Good negotiation, says conventional wisdom, involves holding out for the best deal, counteroffering, or driving a hard bargain.
But research by Stanford’s Bradley Larsen, Stanford PhD student Carol Hengheng Lu, and Chicago Booth’s Anthony Lee Zhang suggests otherwise, at least if the primary objective is to make a deal. They find that when negotiations are mediated by third-party brokers, success is actually tied to getting the deal done as quickly as possible.
The researchers studied the issue through the used-car market in the United States, which was big business even before the global semiconductor shortage sent prices through the roof. Auto dealers, fleet operators, and leasing companies trade more than $80 billion worth of vehicles in wholesale auctions every year, with thousands of autos changing hands on any given day.
The stakes can run high, particularly for smaller used-car dealers trying to optimize inventories and profit margins. But it’s an imperfect system. All cars are subject to rapid-fire, 90-second auctions that often fail to result in a sale. When that happens, auction houses name an intermediary to help broker a deal between the seller and the highest bidder.
The researchers analyzed more than 80,000 mediated bargaining sequences with locked-in buyers and sellers from six major US used-car auction houses. The data, from 2006 to 2010, contained comprehensive information, including the identities of all parties and all actions—offers, counteroffers, deals, and no-deals—related to each negotiation.
Kicking the tires on mediators
In business-to-business used car sales, the right mediator made a big difference in the probability of a deal being reached.
To isolate and determine the role of the negotiator, they stripped out external factors that could influence the outcome, such as time and day of the week, the seller’s track record or background, and the model and other characteristics of each vehicle. They were then able to compare negotiations and negotiators to assess their impact on the probability of trade.
A good mediator can significantly raise the chances of closing a deal, they find. Mediators in the 75th percentile according to performance were 22 percent more likely to broker a deal than those in the 25th percentile, the researchers calculate. Mediators negotiated more money for sellers than the top bid while getting a break for buyers from sellers’ undisclosed reserve prices.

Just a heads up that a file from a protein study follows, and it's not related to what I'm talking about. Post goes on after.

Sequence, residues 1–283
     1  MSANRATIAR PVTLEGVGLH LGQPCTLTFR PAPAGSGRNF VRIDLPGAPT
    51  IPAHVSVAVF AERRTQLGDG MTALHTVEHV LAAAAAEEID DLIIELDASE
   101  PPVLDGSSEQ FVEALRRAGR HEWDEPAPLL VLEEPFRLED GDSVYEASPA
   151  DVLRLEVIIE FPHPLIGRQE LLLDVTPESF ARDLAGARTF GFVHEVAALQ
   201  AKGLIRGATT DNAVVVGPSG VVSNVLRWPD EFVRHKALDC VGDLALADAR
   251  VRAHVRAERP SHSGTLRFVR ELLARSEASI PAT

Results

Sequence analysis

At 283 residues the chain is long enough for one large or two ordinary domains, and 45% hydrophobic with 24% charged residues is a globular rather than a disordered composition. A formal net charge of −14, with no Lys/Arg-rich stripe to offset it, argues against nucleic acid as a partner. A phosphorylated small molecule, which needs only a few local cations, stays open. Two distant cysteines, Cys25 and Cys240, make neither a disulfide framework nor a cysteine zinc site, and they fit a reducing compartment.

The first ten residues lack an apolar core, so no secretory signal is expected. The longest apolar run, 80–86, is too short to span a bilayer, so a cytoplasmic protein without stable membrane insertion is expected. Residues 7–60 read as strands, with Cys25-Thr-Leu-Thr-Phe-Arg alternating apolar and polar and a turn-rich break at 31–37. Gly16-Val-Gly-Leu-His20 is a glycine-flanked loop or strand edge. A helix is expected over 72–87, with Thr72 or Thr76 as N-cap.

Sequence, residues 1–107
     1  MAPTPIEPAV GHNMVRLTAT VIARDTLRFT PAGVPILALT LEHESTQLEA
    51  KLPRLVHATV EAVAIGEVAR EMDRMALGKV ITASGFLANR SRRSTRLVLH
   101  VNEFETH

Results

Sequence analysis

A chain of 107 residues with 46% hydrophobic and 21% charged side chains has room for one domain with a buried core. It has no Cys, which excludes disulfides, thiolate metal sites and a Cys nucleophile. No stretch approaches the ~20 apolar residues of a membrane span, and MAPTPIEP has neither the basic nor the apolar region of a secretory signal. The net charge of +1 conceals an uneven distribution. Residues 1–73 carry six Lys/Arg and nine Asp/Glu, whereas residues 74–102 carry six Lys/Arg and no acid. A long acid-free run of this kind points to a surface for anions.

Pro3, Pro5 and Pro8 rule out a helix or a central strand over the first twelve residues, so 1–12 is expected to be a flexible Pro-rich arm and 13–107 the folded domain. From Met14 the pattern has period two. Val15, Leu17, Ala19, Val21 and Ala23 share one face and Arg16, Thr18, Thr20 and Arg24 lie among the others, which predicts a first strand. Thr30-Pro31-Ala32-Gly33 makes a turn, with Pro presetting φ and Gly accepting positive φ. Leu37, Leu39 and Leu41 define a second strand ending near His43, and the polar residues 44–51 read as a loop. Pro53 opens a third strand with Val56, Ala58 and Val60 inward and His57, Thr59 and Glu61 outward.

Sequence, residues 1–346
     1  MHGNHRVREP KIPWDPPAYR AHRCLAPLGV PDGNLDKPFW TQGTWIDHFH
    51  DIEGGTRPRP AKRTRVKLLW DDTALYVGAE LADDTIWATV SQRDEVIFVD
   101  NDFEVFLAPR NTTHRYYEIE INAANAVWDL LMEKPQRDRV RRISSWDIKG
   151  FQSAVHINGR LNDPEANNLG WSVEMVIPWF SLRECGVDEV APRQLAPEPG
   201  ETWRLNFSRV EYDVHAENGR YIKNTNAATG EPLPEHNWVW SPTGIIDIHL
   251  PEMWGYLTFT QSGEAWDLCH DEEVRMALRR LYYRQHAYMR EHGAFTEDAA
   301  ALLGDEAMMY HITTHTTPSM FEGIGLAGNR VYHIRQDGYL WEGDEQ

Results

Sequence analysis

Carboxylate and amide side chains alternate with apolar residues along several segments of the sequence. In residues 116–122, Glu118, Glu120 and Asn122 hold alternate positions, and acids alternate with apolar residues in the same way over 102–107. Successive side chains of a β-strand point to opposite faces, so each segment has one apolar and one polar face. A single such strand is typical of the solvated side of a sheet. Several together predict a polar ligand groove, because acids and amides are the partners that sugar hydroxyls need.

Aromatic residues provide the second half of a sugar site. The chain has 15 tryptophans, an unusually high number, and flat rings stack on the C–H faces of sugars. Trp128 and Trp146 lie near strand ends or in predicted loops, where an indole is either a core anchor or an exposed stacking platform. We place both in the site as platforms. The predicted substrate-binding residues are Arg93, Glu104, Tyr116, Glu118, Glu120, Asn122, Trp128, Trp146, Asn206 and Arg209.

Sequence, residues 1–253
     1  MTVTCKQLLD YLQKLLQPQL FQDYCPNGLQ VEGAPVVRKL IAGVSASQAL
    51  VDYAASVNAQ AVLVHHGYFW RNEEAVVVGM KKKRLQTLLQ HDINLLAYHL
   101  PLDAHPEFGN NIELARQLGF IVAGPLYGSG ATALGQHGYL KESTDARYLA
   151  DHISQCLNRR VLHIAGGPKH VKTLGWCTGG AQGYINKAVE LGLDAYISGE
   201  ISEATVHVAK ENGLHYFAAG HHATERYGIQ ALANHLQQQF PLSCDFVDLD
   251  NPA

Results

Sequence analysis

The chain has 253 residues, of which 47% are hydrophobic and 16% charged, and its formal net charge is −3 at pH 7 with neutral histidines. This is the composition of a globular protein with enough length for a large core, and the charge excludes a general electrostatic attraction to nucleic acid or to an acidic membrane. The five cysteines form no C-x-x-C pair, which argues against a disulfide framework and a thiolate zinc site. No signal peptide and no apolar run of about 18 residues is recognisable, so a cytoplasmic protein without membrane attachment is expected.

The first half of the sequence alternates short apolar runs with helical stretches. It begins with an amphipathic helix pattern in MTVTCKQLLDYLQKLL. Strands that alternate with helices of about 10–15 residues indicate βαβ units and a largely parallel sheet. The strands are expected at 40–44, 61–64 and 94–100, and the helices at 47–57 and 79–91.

Successful intermediaries were most effective at nudging sellers and buyers off their preconceived pricing limits, according to Zhang. “The third party’s job is to somehow get both players to back down enough to find a mutually acceptable price and have them move on to an agreement,” he says.
To determine what the successful intermediaries were doing differently, the researchers looked at the successive rounds of negotiations in each individual case. They discovered that in 66 percent of the deals made, brokers were able to get their sellers to accept the first price at the first round of negotiation. With the unsuccessful negotiators, sellers only accepted the first offer 34 percent of the time.
Thus, the best mediators were more adept at getting sellers to back down and agree more quickly, whereas the others encouraged clients to hold off and push back. Dragging things out didn’t help, the researchers find. The average bargaining thread lasted just 1.37 rounds and ended after six hours, they write.
Their findings could have ramifications for a range of real-world bargaining situations—among countries, businesses, investors, consumers, or litigants. “Third-party mediation is really common in a range of bargaining settings in industry, from used cars to real estate and beyond,” Zhang says. “People use mediators because negotiation is itself a bit of an imperfect sport.”
Mediators, the researchers observe, “are often at the center of massive transactions,” such as investment banks handling giant acquisitions and lawyers working out pretrial settlements. The analysis demonstrates the value of mediation, says Zhang, as well as what works best, which he says is “getting your seller to accept the price fast and up front.”
Courtesy Booth Chicago Booth Review/By Áine Doris